Rottweiler vs Saint Bernard

Breed Snapshot

Life Expectancy:
9 to 10 years
Size:

Large

Maintenance Level:

Medium

Shed Level:

Medium

Best For

The Rottweiler is best for active homes without small children or cats and an experienced pet parent.

Rottweiler Temperament

A well-trained Rottweiler dog is calm and confident. Unlike a Golden Retriever who readily welcomes guests to your home, a Rottweiler may hang back and assess the situation, not ready to make a friend. To their family, they are ready to play and ready to protect in a split sec...

A well-trained Rottweiler dog is calm and confident. Unlike a Golden Retriever who readily welcomes guests to your home, a Rottweiler may hang back and assess the situation, not ready to make a friend. To their family, they are ready to play and ready to protect in a split second. Despite their size, your Rottweiler may think they’re a lap dog and squeeze as much of themselves onto your lap as possible.

This highly intelligent and protective dog needs a confident, experienced family. Rottweilers were bred to be guard dogs, and they are really good at it. They have a deep growl they use to alert their families to a potential threat, but they have an equally famous “rumble” sound they make when they are happy and content. (It frequently accompanies a belly rub.) Because of their protective nature, Rottweilers have high biting tendencies. So, it is important your Rottweiler starts their training as a puppy.

Rottweilers do best in homes where they are the only pet, as they tend to make their BFF their family instead of another dog or a cat. If your Rottie is properly socialized and well-trained, they can be a good dog for your family.

Rottweiler Traits

Friendliness
Exercise Needs
Health Issues
Barking Tendencies
Grooming Needs
Shedding Level
Training Needs
Good With Kids
Good With Cats
Good As A Service Dog
Good For Apartments & Small Homes
Biting Tendencies
Energy Level
Good With Other Dogs
Playfulness
Sensitive to Cold Weather
Sensitive to Warm Weather
Good For First Time Pet Parents

Breed Snapshot

Life Expectancy:
8 to 10 years
Size:

Extra Large

Maintenance Level:

High

Shed Level:

High

Best For

Saint Bernards are best for larger homes with experienced pet parents. These gentle giants are kid- and pet-friendly but need a lot of focused training, nutrition and exercise in their first year.

Saint Bernard Temperament

Would you ever expect your personal bodyguard to be mistaken for a floofy teddy bear? Probably not, but you should. (Because: Safety first. And also because: Adorable.) Saint Bernards’ protective personalities and gentle, calm demeanor with a dash of playfulness are a natural fit for homes with older children, oth...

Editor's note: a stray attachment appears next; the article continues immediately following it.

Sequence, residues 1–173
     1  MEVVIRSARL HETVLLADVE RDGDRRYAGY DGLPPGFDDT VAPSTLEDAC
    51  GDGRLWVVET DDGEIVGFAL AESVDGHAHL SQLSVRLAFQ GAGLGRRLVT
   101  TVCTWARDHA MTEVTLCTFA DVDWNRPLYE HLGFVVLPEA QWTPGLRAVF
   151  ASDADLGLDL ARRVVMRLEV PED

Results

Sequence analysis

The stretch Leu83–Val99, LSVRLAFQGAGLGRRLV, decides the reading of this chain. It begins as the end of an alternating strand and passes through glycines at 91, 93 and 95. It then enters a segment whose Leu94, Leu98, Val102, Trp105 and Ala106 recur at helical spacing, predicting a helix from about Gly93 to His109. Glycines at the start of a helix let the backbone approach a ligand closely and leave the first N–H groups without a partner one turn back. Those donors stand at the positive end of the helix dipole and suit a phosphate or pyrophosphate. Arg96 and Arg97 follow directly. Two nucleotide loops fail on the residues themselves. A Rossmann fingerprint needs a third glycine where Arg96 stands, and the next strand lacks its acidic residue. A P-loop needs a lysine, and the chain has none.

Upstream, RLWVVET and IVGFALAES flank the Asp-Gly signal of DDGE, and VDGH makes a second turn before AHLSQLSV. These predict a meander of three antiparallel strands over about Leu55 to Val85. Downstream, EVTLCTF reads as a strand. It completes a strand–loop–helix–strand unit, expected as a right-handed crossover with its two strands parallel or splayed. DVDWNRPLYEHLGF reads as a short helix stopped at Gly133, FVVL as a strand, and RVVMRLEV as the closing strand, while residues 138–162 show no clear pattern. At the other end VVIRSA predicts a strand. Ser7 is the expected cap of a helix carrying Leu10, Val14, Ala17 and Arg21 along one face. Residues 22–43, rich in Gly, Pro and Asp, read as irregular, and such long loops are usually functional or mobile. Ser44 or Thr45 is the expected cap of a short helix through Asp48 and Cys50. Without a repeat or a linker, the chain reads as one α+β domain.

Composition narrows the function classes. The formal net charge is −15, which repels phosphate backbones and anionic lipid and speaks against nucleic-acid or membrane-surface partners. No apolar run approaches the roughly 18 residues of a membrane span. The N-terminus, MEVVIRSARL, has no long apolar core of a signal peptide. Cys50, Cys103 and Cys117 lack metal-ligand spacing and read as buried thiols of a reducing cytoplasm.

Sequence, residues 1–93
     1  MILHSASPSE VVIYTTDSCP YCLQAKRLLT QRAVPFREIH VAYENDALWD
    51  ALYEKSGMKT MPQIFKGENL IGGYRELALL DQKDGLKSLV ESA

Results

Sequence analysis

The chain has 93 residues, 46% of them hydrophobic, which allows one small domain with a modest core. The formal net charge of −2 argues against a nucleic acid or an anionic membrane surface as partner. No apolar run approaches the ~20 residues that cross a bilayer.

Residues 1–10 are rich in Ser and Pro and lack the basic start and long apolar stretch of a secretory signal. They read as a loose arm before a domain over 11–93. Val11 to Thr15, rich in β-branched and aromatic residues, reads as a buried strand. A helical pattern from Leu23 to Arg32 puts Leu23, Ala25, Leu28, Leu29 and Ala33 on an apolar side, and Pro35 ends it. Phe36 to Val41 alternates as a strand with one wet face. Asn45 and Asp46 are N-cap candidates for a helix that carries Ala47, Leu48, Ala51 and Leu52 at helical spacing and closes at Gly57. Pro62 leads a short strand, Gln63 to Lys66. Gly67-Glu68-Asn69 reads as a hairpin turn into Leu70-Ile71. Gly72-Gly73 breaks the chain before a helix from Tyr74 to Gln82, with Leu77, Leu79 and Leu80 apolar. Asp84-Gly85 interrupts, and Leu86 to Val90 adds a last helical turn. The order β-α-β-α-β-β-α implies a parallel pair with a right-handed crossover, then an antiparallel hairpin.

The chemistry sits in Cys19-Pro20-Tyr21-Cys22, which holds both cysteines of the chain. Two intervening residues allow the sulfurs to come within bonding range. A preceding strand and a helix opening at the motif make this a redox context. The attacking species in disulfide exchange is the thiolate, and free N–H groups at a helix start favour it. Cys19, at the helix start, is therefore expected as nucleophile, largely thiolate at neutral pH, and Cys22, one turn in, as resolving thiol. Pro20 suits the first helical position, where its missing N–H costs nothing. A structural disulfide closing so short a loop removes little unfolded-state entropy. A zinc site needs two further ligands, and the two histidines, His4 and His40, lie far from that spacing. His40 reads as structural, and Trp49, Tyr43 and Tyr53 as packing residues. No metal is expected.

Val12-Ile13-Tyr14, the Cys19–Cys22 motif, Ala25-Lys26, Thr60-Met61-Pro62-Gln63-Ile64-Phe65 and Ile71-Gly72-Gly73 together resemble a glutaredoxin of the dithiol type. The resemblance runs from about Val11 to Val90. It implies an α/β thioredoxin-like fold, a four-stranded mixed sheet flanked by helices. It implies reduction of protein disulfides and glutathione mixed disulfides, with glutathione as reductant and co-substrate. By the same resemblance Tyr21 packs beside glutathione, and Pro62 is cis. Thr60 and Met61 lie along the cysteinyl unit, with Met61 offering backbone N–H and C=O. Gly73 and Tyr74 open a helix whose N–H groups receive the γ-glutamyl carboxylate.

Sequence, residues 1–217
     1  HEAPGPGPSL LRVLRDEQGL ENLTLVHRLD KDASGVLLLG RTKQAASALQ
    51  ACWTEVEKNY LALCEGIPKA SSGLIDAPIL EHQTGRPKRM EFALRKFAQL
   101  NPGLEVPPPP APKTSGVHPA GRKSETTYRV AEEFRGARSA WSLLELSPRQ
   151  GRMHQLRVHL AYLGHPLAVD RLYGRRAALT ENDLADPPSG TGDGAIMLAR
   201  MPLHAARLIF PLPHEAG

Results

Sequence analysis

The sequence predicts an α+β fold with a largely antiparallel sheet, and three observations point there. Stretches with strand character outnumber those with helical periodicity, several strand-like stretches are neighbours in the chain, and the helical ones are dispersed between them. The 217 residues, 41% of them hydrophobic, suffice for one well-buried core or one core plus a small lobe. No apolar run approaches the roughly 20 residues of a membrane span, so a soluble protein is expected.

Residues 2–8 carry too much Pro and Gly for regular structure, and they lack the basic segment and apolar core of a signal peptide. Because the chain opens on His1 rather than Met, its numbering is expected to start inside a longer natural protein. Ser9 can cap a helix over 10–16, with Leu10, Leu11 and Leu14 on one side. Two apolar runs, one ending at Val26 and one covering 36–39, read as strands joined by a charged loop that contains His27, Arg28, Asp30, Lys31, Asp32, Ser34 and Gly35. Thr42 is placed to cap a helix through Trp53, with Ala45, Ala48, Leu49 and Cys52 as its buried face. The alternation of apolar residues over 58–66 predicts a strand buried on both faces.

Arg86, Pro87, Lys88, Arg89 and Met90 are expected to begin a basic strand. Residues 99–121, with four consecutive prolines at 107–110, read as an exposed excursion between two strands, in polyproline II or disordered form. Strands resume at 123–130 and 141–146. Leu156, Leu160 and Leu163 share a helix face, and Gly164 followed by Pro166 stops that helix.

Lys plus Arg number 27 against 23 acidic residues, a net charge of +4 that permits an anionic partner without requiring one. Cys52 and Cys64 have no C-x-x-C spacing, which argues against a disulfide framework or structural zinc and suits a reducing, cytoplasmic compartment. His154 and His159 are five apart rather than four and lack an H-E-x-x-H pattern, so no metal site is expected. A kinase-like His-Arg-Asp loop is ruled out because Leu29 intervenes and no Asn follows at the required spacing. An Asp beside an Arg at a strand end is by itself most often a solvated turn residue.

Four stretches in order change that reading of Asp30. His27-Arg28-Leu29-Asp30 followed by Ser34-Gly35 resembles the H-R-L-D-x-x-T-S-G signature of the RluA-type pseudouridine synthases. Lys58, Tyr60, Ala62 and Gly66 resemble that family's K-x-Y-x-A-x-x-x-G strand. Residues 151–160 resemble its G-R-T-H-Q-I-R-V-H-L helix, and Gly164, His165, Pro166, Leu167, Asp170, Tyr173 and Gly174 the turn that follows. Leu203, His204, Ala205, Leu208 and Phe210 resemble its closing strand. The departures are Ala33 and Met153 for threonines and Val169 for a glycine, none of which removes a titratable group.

Would you ever expect your personal bodyguard to be mistaken for a floofy teddy bear? Probably not, but you should. (Because: Safety first. And also because: Adorable.) Saint Bernards’ protective personalities and gentle, calm demeanor with a dash of playfulness are a natural fit for homes with older children, other dogs and even friendly felines. They’ll also mesh with younger children, but littler kiddos will need extra supervision to ensure they can respect your pup’s boundaries.

A Saint Bernard dog doesn’t always comprehend just how big they are, which can cause some consternation and tears when playing with tipsy tots or unstable adults (or tipsy adults, for that matter). Training for both humans and the dog is a must to be sure nobody accidentally gets knocked over during backyard romps or in-home zoomies. Saints are friendly dogs (and they swear they didn’t mean to knock you down! They thought you were trying to start a game of tag!) and will stay that way with a loving home and positive reinforcement-based training. In general, Saints are not known to bite, but there have been reports of aggression in their senior years due to neurological conditions. Proper socialization for your Saint Bernard puppy before 20 to 24 weeks of age allows your outgoing pup to learn good manners and blossom as a beloved family pet.

If it looks like you’re going to do something fun, Saints will want to join you, no questions asked. They’re in the car before you can even find your keys, ready for a nature trail adventure or a Sunday drive through the country. Whatever their human is doing, they want to mirror the activity or supervise from a cozy spot next to your feet.

If you have a job you need doing, give it to a Saint, and they will be more than happy to check it off your To Do list. Saint Bernards are a working breed who love to help people. Give them a chore, like helping feed livestock on a farm or serving as a door greeter at your small business, and they’ll be happy campers. Saints are eager to please. You’ll know the Saint Bernard is in their element when they can’t stop the drool from flowing and their tail from wagging.

Saint Bernard Traits

Friendliness
Exercise Needs
Health Issues
Barking Tendencies
Grooming Needs
Shedding Level
Training Needs
Good With Kids
Good With Cats
Good As A Service Dog
Good For Apartments & Small Homes
Biting Tendencies
Energy Level
Good With Other Dogs
Playfulness
Sensitive to Cold Weather
Sensitive to Warm Weather
Good For First Time Pet Parents
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